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Design Disasters you NEED to Avoid!

Why do you Wear Jewelry?

Jewelry is meant to Adorn, bring Beauty and Style, AND Evoke Feelings.

Feelings of:

  • Being special

  • Confidence

  • Completing your look or outfit

  • Love, Symbolism and Connection

  • Accomplishment

  • Reaching a special benchmark or milestone in your life.

What about the design? Why do you choose a design?

The design represents your personality, what you want to show to the world.

The design has to fit your unique character—whether you are bold or introverted, natural or modern, colorful or monochromatic.

But, you also need to consider some other factors so that you don't choose a design that you will have problems with when you wear it.

As I learned in my studies about architecture…"Form follows function".

Yes, the design should be beautiful, but you also must consider:

  • Your occupation

  • Lifestyle

  • Hobbies

  • Recreational activities

  • Habits

As a designer, appraiser and gemologist, I see a lot of jewelry disasters that can be avoided.

Most people believe that the precious metals and gemstones are indestructible.

But the TRUTH is, Metals get scratched, can crack & wear away.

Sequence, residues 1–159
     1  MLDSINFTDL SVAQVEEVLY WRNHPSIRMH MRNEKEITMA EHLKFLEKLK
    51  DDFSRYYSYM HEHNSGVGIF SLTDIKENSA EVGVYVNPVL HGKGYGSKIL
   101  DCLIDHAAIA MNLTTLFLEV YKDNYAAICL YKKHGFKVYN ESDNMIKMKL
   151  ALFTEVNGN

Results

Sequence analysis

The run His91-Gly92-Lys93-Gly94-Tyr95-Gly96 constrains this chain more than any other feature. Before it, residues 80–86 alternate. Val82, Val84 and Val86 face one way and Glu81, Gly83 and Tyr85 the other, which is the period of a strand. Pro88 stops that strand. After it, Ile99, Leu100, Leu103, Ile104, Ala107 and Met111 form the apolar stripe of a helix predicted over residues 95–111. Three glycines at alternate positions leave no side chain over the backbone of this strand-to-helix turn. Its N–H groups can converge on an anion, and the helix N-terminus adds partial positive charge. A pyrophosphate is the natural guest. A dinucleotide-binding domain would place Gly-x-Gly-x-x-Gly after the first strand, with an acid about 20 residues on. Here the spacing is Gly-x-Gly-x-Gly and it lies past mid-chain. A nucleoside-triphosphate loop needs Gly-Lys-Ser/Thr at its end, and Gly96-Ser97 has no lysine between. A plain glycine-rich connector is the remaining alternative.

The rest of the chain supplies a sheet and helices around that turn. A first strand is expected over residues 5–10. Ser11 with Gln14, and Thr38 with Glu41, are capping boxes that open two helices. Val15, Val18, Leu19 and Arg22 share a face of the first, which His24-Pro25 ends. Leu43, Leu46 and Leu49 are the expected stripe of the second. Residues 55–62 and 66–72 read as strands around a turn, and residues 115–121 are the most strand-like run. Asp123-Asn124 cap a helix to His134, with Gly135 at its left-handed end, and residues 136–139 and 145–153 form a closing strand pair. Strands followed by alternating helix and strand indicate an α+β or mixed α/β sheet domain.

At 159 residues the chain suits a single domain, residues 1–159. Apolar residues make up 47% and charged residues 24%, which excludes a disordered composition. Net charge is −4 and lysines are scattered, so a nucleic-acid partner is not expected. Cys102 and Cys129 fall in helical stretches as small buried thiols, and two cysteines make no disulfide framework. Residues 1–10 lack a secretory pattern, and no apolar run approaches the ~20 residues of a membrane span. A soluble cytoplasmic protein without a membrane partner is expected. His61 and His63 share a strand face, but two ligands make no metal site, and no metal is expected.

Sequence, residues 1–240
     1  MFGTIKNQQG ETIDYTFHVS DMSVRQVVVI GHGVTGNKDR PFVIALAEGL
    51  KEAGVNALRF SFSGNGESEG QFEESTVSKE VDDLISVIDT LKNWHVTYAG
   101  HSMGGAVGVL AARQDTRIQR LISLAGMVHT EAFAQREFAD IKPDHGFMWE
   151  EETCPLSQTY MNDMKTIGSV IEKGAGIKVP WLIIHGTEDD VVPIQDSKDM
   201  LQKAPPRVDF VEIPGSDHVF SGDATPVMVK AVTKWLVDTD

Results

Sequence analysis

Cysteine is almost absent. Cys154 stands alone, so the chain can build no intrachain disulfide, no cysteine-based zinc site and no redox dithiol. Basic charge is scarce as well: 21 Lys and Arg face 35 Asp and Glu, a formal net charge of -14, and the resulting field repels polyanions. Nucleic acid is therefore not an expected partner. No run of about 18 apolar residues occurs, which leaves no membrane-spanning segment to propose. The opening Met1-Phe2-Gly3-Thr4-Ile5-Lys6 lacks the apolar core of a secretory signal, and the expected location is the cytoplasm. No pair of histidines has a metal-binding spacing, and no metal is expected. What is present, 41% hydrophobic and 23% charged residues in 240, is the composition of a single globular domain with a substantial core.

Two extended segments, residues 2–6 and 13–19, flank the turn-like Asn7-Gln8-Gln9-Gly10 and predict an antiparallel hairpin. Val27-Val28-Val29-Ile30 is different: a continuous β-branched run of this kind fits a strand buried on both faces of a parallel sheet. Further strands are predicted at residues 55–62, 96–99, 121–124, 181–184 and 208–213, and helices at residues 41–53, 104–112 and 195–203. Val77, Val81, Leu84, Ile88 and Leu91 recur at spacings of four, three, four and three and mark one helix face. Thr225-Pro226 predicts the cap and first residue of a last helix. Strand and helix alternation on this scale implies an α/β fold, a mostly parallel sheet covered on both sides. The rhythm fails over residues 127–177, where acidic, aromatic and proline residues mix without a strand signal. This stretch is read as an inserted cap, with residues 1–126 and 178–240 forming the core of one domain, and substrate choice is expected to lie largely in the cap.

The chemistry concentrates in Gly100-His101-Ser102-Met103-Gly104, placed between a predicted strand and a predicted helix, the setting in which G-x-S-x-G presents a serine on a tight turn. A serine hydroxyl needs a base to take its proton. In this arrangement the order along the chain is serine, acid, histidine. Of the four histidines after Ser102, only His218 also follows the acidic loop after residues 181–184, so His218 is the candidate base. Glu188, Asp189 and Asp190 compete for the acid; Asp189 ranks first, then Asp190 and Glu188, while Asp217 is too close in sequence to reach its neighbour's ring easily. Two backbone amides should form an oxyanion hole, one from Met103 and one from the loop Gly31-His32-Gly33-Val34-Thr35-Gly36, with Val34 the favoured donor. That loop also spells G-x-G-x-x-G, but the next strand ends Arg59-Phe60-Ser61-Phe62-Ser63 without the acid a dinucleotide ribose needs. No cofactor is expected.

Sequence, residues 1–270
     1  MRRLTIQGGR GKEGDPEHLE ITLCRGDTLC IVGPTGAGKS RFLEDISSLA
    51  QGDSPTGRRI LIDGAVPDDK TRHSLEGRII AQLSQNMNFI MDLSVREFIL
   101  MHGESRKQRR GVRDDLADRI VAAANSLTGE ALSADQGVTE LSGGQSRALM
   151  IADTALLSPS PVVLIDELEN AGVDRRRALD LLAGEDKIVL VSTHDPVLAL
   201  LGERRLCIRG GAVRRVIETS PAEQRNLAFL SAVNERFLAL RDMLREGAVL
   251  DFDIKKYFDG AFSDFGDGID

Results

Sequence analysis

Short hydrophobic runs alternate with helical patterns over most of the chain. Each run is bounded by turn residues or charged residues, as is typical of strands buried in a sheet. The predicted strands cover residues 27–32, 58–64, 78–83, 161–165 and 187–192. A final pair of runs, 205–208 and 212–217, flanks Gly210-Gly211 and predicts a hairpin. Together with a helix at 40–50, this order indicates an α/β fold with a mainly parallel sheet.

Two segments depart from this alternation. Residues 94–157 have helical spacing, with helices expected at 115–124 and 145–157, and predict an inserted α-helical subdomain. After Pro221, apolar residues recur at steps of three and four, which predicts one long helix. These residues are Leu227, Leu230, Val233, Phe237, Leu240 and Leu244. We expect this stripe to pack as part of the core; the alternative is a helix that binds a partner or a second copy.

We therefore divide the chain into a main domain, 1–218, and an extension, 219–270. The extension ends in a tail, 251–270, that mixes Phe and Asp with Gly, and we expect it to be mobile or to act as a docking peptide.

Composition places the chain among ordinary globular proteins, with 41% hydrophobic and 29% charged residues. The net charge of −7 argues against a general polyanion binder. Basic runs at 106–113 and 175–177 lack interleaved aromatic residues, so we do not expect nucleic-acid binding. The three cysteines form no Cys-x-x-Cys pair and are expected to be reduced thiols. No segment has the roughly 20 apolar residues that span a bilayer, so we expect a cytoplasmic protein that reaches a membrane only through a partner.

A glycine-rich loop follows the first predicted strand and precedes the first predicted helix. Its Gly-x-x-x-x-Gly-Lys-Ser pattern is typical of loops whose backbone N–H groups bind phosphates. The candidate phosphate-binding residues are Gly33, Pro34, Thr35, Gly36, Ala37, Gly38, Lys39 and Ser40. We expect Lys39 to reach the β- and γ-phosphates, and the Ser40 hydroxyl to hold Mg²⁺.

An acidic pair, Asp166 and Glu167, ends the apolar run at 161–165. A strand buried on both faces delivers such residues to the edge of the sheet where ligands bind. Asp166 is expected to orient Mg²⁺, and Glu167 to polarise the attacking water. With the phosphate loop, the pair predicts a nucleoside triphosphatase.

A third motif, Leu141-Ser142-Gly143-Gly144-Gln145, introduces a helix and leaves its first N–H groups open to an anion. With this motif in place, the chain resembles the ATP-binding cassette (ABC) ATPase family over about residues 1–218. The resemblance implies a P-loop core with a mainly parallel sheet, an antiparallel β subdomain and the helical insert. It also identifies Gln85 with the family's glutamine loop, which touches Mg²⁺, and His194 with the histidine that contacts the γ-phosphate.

Stones get loose, chipped and sometimes fall out.

So what are the design disasters you should avoid?

1. Exposed diamonds

The look of floating diamonds is beautiful, there is no doubt.

But you need to have metal blocking and supporting the diamond against chipping and scratching.

Without it, when you wear this ring everyday, the diamond can get chipped from banging it around or scratched by exposed diamonds in your wedding band.

Also, you need that extra metal support to keep the diamond tight in the mounting.

Recently I had a client come in for an appraisal of her engagement ring. She had a center princess cut diamond in a custom made mounting where the bottom of the diamond was exposed.
I examined the ring under the microscope and saw scratches and small chips.
It didn’t concern me at the time and I graded it an SI1 (slightly included).
But then, she said the diamond had a GIA certificate. So I looked at the certificate and saw that those scratches & chips were not originally on the diamond.
The diamond was actually graded a VS1 (very slightly included).
Since the scratches were in a weird spot, I asked her if I can see her wedding band.

She had a diamond eternity band with large diamonds all around.
As I put the band next to the engagement ring, I saw the answer!
The edge of the diamonds in her eternity band was actually cutting into her VS1 diamond and permanently lowering her grade & the value.

Of course this is Not her fault and I know that a lot of people aren’t aware of this kind of thing.

Even most salespeople do not know enough about jewelry to point this out and are usually more concerned about making the sale :(

2. Not enough Metal

Take a look at this ring. Do you see a design disaster?

Single prong diamond wedding band